By now, you already know I’m a fan of classic movies, and the stars of the old Silver Screen. Glamour, drama and humor were the usual fare, so when I first saw this clip of crooner Bing Crosby on a movie set saying “true peace must come from God…prayer, and especially the prayer of the Rosary, can lead us back to God,” I was intrigued. What inspired this call for divine intervention from a pair of glamorous Hollywood stars? Turns out, it wasn’t inspired by something – it was inspired by somebody. You can catch a glimpse of that person at the very end of the video, sitting quietly at the table where Bing delivers his plea.
His name was Father Patrick Peyton and he’s truly a worldwide legend. He coined the timeless phrases “The family that prays together stays together” and “A world at prayer is a world at peace.” At the time of Father Peyton’s death, he had preached his message of prayer to 28 million people around the world!
Father’s catchy slogan “The family that prays together stays together” touched a nerve with millions across the globe who were struggling to stay close and keep the faith in a world that wanted to tear the family apart. New ideas, radical and harmful ideas in fact, were poisoning society and threatened the family unit that still reeled from the devastation and social changes of the Second World War. What could bring peace and harmony to the family? And to the world?
PRAYER, said Father Peyton, with unwavering confidence. Where did this conviction come from? Here’s his story in a nutshell. (There’s also a new film about his life – more details on that below!)
Prayer was His Life
A poor Irish immigrant whose close-knit family gathered every day for communal prayer, Patrick Peyton had come to America as a young man planning to marry and make his fortune. But before he left County Mayo, his father knelt with him at home before the image of Christ, urging his son to “stay faithful to God in America.” Those words were burned into his heart ever after. In America, the only work that Patrick could find was as a janitor at a cathedral; this eventually led him to enter Holy Cross Seminary.
But the priesthood suddenly seemed like an impossibility when the tall, seemingly strong Irishman began coughing up blood and was diagnosed with advanced tuberculosis. In those days, it was incurable. For a full year he was bedridden at the Notre Dame infirmary, and his condition worsened to the point that doctors could offer only two options – a risky surgery with a low success rate – or prayer. His friend, Father Hagerty, visited one day and reminded Patrick of his rich spiritual heritage: “You have the Faith, Pat,” he urged, “but you’re not using it. You brought it with you from Ireland. Your mother gave it to you, just as her mother had given it to her.”
And so Patrick abandoned himself completely to God and His mother. In his own words, he cried out on his sickbed “Mary, I believe you’re alive, that you have eyes that smile. That you have eyes that shed tears. Mary, since I could open my mouth I’ve said to you that the Son you bore is my God. I love you, and now I’m in need. I need you, Mary, I need to be a priest. I want to be one. Deliver me from this crippled body and this sickness!”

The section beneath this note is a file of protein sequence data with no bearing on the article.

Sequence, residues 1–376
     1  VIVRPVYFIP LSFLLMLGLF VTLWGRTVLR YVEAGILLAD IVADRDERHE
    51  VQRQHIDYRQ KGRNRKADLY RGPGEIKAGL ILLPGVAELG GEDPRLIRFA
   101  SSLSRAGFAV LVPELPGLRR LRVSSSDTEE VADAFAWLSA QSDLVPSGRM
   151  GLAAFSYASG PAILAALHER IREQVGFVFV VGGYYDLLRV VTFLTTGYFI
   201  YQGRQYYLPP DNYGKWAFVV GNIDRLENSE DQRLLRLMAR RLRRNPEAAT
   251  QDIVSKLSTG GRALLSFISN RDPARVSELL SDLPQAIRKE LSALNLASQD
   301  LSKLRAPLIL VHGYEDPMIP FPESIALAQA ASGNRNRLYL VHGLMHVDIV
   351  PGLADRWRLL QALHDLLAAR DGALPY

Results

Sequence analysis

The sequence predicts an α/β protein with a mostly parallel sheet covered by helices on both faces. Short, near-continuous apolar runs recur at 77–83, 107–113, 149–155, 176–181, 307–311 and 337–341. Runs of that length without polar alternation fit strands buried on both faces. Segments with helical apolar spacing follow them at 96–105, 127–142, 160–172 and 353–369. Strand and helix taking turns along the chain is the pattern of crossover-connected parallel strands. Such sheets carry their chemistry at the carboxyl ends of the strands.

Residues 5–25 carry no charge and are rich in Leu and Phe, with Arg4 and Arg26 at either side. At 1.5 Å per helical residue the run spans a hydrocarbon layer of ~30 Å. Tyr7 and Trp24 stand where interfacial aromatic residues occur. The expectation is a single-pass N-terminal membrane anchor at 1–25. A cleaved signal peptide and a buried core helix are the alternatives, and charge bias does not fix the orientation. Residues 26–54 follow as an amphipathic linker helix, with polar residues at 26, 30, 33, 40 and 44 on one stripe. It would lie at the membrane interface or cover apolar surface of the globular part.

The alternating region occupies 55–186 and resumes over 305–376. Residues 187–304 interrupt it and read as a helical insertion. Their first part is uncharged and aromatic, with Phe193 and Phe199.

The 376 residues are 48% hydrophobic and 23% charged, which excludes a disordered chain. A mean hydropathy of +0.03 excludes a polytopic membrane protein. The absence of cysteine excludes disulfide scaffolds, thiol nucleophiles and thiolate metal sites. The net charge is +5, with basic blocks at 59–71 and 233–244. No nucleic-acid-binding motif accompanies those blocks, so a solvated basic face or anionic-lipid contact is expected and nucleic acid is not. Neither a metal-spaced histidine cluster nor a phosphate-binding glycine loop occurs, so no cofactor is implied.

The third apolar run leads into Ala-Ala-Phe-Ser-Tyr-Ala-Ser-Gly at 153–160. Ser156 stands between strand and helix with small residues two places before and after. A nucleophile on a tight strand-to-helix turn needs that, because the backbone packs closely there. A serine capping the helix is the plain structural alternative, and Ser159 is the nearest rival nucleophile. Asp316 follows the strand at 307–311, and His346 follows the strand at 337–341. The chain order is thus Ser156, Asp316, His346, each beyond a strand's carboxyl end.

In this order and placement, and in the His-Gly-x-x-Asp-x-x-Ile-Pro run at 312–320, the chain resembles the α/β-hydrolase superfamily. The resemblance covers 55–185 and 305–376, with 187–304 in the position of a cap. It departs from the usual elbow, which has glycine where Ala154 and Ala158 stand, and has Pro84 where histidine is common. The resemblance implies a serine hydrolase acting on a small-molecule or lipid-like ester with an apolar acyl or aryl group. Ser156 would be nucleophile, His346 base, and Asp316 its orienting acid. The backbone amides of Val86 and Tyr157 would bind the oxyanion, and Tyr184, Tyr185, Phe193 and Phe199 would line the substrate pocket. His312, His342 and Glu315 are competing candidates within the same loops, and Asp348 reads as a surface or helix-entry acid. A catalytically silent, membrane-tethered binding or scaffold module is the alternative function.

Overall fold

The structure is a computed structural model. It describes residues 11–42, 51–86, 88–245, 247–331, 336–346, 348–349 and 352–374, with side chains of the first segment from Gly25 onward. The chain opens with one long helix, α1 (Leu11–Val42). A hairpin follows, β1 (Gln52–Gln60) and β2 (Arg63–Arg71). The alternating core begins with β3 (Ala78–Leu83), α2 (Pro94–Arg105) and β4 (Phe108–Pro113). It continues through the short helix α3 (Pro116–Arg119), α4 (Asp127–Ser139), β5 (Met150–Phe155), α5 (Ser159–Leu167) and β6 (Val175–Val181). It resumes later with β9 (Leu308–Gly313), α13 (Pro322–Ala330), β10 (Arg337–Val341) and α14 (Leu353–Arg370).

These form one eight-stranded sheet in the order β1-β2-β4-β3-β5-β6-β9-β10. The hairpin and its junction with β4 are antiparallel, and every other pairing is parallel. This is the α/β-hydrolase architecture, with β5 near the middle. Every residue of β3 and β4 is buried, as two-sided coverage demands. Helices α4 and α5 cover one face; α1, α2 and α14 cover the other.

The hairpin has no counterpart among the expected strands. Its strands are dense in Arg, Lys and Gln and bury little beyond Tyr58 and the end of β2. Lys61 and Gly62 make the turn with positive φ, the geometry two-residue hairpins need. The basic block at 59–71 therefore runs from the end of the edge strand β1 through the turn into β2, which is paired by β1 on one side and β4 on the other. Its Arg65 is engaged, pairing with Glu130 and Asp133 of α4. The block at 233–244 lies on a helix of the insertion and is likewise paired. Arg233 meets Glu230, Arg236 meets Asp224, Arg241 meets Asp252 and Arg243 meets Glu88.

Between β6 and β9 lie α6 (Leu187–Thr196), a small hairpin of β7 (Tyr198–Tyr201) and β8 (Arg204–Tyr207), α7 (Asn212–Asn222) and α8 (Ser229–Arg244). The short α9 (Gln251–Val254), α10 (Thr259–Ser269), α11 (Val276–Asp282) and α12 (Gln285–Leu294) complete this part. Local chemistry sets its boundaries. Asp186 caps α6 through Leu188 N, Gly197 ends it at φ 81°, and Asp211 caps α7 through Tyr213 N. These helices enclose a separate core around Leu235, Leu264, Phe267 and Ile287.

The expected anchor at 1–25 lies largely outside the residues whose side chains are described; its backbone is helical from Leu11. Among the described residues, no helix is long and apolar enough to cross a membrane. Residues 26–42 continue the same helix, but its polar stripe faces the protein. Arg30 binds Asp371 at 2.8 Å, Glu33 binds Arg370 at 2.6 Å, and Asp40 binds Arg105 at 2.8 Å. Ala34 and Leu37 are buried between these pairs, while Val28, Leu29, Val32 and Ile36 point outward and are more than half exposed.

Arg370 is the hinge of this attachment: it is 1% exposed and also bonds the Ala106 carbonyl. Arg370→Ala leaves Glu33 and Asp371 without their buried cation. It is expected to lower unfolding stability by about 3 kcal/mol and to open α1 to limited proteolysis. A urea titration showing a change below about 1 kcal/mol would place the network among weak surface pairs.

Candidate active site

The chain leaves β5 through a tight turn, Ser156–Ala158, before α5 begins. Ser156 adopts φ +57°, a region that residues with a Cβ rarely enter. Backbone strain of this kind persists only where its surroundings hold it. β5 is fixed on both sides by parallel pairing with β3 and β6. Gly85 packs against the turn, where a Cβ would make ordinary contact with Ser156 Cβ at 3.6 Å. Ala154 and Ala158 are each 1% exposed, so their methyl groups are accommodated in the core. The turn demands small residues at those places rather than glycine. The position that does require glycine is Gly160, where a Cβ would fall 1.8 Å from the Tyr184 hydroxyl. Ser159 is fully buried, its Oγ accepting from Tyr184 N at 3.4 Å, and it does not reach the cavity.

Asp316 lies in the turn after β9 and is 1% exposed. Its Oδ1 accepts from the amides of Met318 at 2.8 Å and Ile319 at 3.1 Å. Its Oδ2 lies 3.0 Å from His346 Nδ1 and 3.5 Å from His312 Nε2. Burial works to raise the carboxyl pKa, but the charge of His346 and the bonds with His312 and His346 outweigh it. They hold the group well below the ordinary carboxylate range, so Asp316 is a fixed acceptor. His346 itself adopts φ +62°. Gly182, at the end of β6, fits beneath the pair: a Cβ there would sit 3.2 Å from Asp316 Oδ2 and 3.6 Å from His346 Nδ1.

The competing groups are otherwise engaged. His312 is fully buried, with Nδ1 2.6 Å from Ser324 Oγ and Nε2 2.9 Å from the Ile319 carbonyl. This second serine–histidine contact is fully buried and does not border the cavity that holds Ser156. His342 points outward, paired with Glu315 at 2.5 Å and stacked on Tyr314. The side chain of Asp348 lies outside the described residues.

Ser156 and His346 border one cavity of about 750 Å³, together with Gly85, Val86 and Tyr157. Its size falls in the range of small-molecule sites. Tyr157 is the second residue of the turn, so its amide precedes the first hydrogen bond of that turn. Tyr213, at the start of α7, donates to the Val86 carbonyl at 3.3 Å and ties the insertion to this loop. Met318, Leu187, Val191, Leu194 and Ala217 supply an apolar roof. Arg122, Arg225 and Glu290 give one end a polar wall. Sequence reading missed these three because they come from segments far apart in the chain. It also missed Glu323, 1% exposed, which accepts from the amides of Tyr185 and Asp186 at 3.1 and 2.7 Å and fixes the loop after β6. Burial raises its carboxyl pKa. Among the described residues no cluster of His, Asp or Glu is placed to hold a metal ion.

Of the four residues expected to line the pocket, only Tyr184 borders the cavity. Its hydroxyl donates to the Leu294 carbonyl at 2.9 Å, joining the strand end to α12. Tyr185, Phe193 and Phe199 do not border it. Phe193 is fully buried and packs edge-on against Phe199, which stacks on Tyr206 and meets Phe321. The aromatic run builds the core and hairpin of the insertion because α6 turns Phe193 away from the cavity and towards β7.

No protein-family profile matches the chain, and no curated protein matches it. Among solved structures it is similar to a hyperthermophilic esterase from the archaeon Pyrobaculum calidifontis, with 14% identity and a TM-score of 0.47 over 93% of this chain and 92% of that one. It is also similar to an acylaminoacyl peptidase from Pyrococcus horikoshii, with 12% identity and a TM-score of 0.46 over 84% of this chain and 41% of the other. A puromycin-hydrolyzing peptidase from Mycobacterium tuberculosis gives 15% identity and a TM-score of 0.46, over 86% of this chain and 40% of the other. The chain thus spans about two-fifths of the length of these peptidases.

The physical change was almost immediate, as was a sense of peace. His medical doctors ran x-rays again and the patches in his lungs were completely gone. “No one should be living after what you’ve been through!” they said.
Patrick at the infirmary with sister, Nellie and brother Tom. Courtesy FatherPeyton.org
A Clear Mission
It is no surprise that after being brought back so miraculously from the brink of death, the newly ordained Father Peyton would dedicate his life and newfound health to a single purpose – promoting the power of prayer, especially to the Lady who’s greatest desire is to bring us to Christ.
His sincerity and faith easily convinced big stars like Loretta Young, Frank Sinatra, Lucille Ball and Jimmy Stewart to promote his Rosary and prayer crusades. Even President Harry Truman joined Father Peyton for a radio broadcast to encourage prayer for peace in the world and in families.
Efforts were not limited to America, however, for Father Peyton became quite a globe-trotter. His prayer crusade in the Philippines, drawing an unprecedented crowd of 2 million people, was pivotal in bringing down the cruel Marcos regime. The Filipinos literally conquered tanks with rosaries!
Amazingly, this humble and kind priest that not only prayed for but ministered to the afflicted, was sometimes accused by the “social justice warriors” of his time for elevating prayer over practical solutions to problems like poverty and racism. In response, Father Peyton would rightly insist that social action without prayer and reference to God will eventually lose its soul. Do we not see that very reality today? So many initiatives, starting with good intentions, have devolved into violence and destruction, harming the very people they claim to be helping.
During these troubled times, I hope you’ll be encouraged and inspired by this film as I was! Last week I was given the privilege of screening Pray: The Story of Patrick Peyton, and it was a poignant reminder that prayer is both powerful and necessary. Visit this link for info on tickets and showings:
It’s coming to select theaters the weekend of October 9th. Pray is in documentary format and run time is about 1 hour and 10 minutes. While suitable for the whole family, it might not hold the attention of younger children.
You can follow the hashtag #PraytheFilm on social media.
Hope you’ll go see it with your family!